Symbols of the world's religions



Meher Baba

The aspirant who has decided to reach the goal carries with him all the sanskaras which he has accumulated in the past, but in the intensity of his spiritual longing they remain suspended and ineffective for the time being. Time and again, however, when there is a slackening of spiritual effort, the sanskaras hitherto suspended from action gather fresh strength and, arraying themselves in a new formation, constitute formidable obstacles in the spiritual advancement of the aspirant.

This might be illustrated by the analogy of a river. The powerful current of the river carries with it great quantities of silt from the source and the banks. As long as these quantities are suspended in water they do not hinder the flow of the river, though they may slow it down. When the current becomes slower in the plains, and particularly towards the mouth, this bulk tends to deposit in the river bed and to form huge islands or deltas, which not only obstruct the current but often divert it or even split it into smaller currents and, on the whole, weaken the force of the mighty river.

Or again, when the river is in flood, it sweeps away all obstacles of trees, bushes and rubbish in its path, but when these accumulate to a certain degree, they can constitute a serious hindrance to the flow of the river. In the same way the path of spiritual advancement is often blocked by the obstacles of its own creation, and these can be removed only through the help of the Master.

The help of the Master is most effective when the aspirant surrenders his ego-life in favour of the unlimited life which the Master represents. Complete self-surrender is most difficult to achieve; and yet, the most essential condition of spiritual advancement is the lowering down of egoism to its minimum. The objective of spiritual advancement is not so much "works", but quality of life which is in no way curtailed by ego-consciousness. If the aspirant has many great and grand things to his credit, but has all the time claimed them to be his, his ego fastens itself upon his achievements and constitutes a formidable hindrance for the life unlimited. Hence comes the futility of rituals and ceremonies, acts of charity and good works, external renunciation and penances, when they are rooted in ego-consciousness.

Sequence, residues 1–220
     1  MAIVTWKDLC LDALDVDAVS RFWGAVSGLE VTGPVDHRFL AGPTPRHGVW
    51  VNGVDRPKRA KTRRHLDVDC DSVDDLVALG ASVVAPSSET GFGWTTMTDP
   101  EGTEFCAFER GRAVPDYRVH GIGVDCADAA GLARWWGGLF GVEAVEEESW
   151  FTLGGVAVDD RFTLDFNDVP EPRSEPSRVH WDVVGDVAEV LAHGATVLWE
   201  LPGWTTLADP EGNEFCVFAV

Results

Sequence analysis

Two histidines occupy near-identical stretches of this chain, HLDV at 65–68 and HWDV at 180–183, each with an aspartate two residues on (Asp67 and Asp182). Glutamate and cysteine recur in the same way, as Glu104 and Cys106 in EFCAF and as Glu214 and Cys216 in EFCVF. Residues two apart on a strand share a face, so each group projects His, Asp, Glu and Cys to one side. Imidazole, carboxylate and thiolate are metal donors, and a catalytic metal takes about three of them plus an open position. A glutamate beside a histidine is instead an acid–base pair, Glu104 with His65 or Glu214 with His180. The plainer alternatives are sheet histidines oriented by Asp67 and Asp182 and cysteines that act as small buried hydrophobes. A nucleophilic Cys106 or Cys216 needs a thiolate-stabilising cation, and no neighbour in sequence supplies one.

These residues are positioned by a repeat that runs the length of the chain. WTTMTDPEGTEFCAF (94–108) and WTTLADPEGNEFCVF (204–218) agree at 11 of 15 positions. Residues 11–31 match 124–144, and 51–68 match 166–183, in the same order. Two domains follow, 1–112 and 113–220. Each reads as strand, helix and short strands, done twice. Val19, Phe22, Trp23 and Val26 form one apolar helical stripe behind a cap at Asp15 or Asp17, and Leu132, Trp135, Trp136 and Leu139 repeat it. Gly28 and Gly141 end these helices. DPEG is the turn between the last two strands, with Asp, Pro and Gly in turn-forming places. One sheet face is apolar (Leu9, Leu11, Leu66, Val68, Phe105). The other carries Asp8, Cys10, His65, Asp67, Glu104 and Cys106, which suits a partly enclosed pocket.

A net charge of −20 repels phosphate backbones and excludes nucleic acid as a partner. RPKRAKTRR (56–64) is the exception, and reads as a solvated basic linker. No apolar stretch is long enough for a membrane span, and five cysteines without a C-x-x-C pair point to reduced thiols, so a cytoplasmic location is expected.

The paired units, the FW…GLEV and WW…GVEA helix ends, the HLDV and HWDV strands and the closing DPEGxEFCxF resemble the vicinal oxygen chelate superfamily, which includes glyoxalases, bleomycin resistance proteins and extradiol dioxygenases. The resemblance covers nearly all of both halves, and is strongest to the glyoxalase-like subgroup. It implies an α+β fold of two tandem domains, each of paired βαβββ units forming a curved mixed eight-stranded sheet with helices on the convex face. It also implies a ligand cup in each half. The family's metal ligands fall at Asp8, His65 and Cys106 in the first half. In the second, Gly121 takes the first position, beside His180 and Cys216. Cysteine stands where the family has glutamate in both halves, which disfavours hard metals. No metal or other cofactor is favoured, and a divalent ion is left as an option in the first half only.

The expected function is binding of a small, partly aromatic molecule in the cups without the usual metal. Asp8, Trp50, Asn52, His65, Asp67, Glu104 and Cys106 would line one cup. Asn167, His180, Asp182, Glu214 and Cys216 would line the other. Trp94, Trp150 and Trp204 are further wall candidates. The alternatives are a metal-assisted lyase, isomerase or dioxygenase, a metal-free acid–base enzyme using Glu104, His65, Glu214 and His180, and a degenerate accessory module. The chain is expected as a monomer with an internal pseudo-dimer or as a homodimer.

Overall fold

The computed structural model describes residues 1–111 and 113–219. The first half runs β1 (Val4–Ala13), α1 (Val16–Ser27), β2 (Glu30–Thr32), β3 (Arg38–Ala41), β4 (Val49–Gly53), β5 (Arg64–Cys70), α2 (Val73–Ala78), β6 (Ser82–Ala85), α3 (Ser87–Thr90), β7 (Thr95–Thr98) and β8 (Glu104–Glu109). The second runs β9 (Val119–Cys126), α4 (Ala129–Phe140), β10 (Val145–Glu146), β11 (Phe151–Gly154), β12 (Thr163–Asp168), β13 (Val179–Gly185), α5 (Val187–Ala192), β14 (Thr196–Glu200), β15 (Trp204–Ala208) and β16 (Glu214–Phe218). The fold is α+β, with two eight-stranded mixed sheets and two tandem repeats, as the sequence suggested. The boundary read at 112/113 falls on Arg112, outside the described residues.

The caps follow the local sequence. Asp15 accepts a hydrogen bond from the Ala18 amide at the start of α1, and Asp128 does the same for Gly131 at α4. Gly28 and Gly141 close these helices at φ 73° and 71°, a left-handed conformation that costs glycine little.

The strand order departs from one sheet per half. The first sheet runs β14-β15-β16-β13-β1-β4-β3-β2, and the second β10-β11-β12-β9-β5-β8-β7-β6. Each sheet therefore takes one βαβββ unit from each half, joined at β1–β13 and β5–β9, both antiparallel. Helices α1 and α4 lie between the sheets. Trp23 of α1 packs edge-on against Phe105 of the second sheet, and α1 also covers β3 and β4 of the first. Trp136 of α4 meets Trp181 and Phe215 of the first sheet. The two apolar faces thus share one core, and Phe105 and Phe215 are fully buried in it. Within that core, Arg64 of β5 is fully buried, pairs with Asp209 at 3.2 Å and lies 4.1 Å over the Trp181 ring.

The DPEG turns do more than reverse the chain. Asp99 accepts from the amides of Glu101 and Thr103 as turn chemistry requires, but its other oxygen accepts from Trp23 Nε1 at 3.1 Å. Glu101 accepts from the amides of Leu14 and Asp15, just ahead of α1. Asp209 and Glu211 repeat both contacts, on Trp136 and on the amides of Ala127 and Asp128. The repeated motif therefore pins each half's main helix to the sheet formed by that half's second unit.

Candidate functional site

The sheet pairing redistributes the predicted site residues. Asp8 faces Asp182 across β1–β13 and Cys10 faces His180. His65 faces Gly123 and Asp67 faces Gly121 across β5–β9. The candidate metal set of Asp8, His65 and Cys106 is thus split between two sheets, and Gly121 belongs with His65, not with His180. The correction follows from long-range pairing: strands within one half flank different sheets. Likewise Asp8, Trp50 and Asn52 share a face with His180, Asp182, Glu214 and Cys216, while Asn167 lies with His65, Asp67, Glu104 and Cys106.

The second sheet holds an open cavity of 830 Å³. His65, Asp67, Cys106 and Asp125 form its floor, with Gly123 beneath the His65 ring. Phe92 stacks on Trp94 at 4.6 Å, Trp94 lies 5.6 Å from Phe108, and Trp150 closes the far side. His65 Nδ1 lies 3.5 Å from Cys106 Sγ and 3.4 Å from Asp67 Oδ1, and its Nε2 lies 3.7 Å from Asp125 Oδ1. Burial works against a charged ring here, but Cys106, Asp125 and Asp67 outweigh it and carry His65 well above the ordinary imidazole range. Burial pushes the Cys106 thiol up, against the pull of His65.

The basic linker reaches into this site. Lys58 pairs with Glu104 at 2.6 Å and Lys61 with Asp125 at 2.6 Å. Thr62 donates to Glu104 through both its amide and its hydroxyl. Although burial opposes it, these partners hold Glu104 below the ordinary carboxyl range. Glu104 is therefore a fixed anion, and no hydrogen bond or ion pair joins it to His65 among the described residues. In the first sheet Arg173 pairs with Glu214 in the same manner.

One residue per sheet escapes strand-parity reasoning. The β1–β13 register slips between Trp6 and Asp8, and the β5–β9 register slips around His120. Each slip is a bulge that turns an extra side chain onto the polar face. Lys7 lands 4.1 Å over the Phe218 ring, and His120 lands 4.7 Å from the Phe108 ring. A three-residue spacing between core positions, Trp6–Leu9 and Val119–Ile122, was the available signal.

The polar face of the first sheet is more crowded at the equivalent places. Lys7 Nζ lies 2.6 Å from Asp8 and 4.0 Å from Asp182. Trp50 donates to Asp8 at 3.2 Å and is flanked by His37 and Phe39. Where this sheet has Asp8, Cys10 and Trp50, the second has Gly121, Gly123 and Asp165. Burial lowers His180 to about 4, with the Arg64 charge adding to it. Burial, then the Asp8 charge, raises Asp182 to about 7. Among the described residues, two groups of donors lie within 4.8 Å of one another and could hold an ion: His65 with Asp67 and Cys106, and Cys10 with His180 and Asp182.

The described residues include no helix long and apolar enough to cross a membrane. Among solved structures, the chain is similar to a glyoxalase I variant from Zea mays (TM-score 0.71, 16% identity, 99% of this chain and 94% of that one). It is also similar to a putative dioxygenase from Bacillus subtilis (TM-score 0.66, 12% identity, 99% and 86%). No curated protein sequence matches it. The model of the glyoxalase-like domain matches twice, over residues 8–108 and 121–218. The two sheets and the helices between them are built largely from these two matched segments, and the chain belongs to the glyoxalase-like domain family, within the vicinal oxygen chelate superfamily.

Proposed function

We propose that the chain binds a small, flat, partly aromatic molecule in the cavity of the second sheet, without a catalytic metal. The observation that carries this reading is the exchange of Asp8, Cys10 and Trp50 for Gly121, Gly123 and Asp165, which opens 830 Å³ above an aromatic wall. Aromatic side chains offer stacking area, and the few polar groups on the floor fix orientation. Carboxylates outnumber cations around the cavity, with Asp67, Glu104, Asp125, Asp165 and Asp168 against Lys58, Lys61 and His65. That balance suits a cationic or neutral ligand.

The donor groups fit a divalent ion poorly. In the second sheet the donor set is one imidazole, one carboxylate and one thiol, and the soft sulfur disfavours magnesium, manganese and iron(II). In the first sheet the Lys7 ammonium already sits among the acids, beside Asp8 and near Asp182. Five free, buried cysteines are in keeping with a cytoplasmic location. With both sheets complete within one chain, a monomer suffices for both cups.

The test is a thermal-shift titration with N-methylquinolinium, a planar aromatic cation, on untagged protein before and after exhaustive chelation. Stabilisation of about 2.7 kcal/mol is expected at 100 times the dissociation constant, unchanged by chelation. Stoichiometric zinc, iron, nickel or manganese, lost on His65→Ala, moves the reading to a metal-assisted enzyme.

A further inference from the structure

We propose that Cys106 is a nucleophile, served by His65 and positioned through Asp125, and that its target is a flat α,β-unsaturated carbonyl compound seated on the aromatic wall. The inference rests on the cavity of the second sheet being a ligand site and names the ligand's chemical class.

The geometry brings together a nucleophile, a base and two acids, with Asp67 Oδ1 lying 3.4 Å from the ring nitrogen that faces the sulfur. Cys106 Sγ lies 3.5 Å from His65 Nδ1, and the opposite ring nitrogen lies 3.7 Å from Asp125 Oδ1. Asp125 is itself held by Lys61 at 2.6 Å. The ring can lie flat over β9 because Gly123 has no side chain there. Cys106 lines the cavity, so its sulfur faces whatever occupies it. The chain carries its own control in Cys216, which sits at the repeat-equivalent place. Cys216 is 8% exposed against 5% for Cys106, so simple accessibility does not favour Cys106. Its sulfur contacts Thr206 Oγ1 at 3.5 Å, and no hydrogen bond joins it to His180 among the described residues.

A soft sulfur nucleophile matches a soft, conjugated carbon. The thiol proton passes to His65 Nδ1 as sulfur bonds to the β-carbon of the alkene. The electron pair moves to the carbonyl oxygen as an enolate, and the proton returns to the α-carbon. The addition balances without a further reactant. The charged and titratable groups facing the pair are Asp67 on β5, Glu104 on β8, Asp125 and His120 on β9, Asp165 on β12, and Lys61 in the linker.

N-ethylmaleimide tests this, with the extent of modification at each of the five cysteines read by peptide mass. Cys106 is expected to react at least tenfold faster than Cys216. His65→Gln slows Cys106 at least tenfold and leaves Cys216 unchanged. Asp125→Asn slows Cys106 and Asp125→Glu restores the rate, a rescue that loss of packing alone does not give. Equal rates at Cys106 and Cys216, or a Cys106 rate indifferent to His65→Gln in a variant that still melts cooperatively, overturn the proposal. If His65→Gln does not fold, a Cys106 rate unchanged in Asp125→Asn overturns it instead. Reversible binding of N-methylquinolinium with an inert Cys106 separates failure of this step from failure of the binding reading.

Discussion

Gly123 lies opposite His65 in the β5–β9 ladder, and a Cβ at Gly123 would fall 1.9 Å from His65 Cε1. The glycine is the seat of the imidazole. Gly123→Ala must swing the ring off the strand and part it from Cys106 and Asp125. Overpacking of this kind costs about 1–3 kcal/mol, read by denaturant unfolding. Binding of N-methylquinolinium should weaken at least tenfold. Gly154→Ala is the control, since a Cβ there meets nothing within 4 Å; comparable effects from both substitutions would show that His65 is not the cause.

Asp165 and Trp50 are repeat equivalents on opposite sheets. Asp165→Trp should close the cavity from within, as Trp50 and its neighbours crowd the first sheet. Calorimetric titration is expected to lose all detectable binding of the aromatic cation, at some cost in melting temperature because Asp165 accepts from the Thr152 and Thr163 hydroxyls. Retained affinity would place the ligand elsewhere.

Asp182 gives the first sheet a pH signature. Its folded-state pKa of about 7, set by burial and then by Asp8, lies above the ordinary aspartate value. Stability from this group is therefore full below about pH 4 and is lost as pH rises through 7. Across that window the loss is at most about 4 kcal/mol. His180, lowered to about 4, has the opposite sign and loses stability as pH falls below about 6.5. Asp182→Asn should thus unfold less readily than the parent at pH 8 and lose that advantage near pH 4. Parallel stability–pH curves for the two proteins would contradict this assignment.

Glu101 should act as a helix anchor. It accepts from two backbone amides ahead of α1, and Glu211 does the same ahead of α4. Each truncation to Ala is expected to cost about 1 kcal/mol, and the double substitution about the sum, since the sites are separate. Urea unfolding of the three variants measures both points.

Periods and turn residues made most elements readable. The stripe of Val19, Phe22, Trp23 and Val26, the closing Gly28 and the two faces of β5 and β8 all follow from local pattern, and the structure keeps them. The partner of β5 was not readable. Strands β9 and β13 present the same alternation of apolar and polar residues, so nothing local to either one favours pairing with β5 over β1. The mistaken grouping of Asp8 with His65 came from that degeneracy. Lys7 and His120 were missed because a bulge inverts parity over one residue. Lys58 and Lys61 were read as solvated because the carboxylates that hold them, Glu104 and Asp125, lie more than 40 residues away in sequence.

It is, therefore, most necessary for the aspirant to keep free from the idea "I do this, and I do that." This does not mean that the aspirant is to keep clear of all activity through fear of developing this form of the ego. He may have to take to the life of action in order to wear out the ego which he has already developed. So, he is caught up in the dilemma that if he keeps inactive, he does nothing towards breaking through the prison of his ego-life; and, if he takes to a life of action, he is presented with the possibility of his ego being transferred to these new acts themselves.

For spiritual advancement, the aspirant has to avoid these two extremes and yet to carry on a life of creative action. Treading the spiritual path is not like the riding of a saddled horse, but like walking on the sharp edge of a sword. Once the rider is on the horse-back, he is practically at rest sitting with more or less, ease and requiring very little effort or careful attention to go ahead. But treading the spiritual path requires utmost attention and carefulness, since the path affords no halting places or room for expansion of the egolife, this way or that way. He who enters the path can neither remain where he is, nor can he afford to lose his balance either way; he is like one who attempts to walk on the sharp edge of a sword.


DISCOURSES, 4th ed, vol 5, pp. 22-24
1967 © Avatar Meher Baba Perpetual Public Charitable Trust


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